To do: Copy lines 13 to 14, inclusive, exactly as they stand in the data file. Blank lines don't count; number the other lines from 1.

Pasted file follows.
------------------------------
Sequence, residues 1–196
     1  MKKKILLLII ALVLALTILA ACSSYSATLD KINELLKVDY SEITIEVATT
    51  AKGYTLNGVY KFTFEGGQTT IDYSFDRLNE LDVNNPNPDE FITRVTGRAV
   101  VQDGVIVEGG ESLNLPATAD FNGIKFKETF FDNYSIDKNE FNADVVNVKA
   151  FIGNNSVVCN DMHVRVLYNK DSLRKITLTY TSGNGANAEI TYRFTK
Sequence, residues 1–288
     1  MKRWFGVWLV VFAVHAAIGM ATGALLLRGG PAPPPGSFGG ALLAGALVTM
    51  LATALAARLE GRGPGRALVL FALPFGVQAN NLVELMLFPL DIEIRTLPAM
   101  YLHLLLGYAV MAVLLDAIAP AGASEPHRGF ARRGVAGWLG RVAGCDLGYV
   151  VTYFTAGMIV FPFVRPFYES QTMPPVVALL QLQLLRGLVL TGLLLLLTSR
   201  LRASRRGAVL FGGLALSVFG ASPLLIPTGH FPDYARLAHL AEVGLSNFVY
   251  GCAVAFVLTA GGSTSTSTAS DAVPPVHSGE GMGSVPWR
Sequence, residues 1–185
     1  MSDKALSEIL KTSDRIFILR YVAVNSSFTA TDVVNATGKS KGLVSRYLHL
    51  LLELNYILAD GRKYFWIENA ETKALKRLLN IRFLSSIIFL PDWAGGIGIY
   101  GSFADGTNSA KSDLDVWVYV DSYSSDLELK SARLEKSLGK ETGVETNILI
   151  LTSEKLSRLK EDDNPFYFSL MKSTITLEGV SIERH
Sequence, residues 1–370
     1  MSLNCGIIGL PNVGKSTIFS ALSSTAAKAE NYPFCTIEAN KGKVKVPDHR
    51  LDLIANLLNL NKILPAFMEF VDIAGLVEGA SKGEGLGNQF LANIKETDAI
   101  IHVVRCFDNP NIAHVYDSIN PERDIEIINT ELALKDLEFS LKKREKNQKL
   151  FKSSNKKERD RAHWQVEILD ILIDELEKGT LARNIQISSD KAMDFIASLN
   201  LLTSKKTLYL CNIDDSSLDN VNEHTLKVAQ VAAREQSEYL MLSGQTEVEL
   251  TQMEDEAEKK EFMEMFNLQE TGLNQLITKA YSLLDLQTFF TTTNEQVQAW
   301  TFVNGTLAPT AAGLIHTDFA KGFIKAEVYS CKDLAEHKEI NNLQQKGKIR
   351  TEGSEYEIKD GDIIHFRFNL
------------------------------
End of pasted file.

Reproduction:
Sequence, residues 1–185
     1  MSDKALSEIL KTSDRIFILR YVAVNSSFTA TDVVNATGKS KGLVSRYLHL